Monday, January 30, 2012

revealed preferences to the rescue?

So there's this myth among the American liberal elite that Europe has a higher standard of living despite working less (yes a myth, even moving beyond the purchasing-power-adjusted GDP-per capita numbers, which show most concisely how dominant of a success story the United States is.) The core of this myth is that Europe traded work hours for leisure time and that this leisure time makes up for the loss of income.

But despite the valiant attempt of the above-linked paper, measuring utility meaningfully and broadly is really impossibly hard, and the ideal comparison wouldn't even try to make these accounting adjustments like how-much-American-spending-doesn't-contribute-to-welfare and how-much-more-value-are-Europeans-getting-from-their-government-for-their-extra-taxes and so on. Ideally, we would want revealed preferences to tell us the answer.

This is also really hard because people aren't able to make decisions on the margins relevant to these international comparisons. But what if we limit ourselves to strictly the question of whether four extra weeks of vacation time is worth the drop in income?

Are there median-earning jobs in which hours worked are truly chosen on the margin equating leisure time with work time? I can't think of a good example. Entrepreneurs fix their own work schedule but realistically they have to work all the time to stay afloat. Cab drivers set their own schedules but don't make enough money to be a median earner; likewise for any other flexible-hour job I can think of. A small number of jobs during the last recession instituted a policy change in which people could choose to work less for less pay, but with job security in a tight job market of the utmost concern, I'm guessing that most people who would love that option normally were too afraid of signaling their lesser commitment or their dispensability  or somesuch to actually take it.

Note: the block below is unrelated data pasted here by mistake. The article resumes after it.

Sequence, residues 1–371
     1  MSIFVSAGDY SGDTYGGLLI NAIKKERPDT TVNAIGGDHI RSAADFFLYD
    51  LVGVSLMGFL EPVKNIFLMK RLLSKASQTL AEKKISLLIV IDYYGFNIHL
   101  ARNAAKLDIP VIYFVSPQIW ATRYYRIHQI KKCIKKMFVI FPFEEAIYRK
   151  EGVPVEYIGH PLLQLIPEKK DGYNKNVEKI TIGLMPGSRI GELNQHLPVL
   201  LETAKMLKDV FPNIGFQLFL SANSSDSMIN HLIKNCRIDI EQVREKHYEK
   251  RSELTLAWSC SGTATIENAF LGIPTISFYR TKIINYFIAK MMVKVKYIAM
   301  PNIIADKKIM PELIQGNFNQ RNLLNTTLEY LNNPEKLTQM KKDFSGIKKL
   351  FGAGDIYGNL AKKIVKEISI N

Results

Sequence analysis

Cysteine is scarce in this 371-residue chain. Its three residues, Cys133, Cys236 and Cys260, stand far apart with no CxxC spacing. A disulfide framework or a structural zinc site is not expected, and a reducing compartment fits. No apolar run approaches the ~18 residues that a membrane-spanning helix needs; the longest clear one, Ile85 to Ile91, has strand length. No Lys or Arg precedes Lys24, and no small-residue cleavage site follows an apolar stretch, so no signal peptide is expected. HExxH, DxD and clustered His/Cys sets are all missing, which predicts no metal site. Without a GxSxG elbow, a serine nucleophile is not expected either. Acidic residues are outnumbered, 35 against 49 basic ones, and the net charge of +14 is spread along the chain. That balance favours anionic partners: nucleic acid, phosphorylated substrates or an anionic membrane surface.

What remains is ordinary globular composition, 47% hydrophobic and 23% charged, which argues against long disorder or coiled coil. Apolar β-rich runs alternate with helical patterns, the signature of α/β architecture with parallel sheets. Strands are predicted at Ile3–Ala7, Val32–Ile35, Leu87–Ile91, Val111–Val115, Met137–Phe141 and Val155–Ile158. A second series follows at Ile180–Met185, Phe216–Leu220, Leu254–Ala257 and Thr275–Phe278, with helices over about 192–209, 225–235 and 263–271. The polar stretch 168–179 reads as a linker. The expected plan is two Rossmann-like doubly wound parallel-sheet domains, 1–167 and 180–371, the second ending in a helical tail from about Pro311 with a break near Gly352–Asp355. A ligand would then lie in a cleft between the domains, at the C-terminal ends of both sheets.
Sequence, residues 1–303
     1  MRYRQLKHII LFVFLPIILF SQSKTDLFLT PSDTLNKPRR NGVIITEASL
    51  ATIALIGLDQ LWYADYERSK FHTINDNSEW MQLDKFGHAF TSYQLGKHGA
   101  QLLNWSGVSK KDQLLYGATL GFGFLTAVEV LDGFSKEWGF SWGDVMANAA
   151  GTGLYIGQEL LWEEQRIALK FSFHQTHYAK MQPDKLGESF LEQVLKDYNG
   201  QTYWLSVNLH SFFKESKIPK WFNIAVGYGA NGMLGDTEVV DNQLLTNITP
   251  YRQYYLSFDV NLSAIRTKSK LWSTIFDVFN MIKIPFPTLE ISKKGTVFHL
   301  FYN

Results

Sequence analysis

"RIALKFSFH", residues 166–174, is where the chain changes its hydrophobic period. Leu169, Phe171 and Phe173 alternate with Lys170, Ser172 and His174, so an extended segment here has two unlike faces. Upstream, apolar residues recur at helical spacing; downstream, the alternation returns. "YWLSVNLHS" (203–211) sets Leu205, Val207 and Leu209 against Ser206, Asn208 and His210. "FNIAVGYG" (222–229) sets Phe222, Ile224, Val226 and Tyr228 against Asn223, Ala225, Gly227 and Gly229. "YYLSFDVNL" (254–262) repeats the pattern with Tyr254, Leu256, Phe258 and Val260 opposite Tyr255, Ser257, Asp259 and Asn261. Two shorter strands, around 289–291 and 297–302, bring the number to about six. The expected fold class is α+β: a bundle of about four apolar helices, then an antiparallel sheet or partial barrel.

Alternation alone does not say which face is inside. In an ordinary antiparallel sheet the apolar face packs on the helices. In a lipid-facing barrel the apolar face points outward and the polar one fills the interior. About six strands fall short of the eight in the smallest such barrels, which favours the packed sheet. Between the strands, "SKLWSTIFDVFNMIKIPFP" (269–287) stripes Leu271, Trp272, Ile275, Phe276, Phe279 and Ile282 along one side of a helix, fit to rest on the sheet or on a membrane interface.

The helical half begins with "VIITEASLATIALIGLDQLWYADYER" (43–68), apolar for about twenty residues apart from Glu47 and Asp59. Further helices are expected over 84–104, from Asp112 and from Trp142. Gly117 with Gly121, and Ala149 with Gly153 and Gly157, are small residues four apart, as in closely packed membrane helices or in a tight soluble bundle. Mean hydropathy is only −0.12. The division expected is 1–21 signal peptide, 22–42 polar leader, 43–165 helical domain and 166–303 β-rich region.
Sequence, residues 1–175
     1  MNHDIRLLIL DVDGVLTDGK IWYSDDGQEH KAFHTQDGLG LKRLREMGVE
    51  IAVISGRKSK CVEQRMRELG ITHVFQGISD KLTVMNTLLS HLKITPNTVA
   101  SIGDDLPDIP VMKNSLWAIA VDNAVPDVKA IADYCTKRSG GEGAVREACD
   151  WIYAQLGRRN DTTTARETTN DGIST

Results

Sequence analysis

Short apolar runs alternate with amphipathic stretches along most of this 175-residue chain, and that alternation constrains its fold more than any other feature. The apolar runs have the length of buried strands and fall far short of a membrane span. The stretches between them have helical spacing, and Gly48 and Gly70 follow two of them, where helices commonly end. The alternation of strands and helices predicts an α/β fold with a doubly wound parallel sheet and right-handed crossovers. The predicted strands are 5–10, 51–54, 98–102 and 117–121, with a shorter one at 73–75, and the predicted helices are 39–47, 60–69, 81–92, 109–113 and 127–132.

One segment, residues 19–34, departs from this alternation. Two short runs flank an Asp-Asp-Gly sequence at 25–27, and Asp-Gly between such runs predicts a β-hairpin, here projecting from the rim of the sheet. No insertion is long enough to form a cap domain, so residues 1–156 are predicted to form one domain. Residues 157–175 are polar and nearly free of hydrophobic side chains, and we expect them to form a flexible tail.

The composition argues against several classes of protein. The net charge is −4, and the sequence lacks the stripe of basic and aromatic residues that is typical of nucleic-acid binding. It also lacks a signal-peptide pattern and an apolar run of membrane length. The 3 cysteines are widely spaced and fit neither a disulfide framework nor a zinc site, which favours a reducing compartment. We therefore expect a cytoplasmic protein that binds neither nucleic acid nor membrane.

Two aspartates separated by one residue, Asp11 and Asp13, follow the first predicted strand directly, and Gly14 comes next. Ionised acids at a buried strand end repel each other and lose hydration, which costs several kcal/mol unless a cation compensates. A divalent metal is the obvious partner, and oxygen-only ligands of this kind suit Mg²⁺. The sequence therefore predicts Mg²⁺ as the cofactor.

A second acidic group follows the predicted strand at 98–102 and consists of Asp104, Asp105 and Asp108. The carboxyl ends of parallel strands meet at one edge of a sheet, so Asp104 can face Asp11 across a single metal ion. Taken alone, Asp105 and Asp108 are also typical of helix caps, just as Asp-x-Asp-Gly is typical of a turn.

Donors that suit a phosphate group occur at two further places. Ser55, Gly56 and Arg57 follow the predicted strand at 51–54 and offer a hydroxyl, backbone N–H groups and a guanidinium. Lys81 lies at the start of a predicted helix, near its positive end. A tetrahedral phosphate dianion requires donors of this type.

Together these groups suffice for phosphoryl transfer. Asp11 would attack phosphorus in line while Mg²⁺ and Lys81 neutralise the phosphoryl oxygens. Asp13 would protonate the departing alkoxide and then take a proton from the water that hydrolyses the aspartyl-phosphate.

Better ideas? Is there a paper that already tries to do this?

If we could find people in the U.S. who make $35,000 (or whatever is median per capita or median per household) and take six weeks of vacation but who could take less vacation and earn $10k more, I would believe that the European model is making people better off on average. I doubt this is true (even though I want it to be true, because it would be true for me, and I would like work norms to line up with my own preferences...)

(Or, we might find an intermediate result, in which the median hourly wage earner prefers 3.5 weeks of vacation, in which case neither the U.S. or Europe is optimizing.)

1 comment:

Tim Anderson said...

OK Yes it's pretty amazing how big the U.S. is and how prosperous.
I'll have to smack the fool who told me the Dutch were so much better off.
I'll abandon my claims of vast inferiority to the Dutch in prosperity terms.
If only we could convince other countries to adopt more of our customs, such as
imprisoning more of their young men and invading each other.
It sucks having to resort to e/quality of life arguments for the purpose of maintaining our inferiority.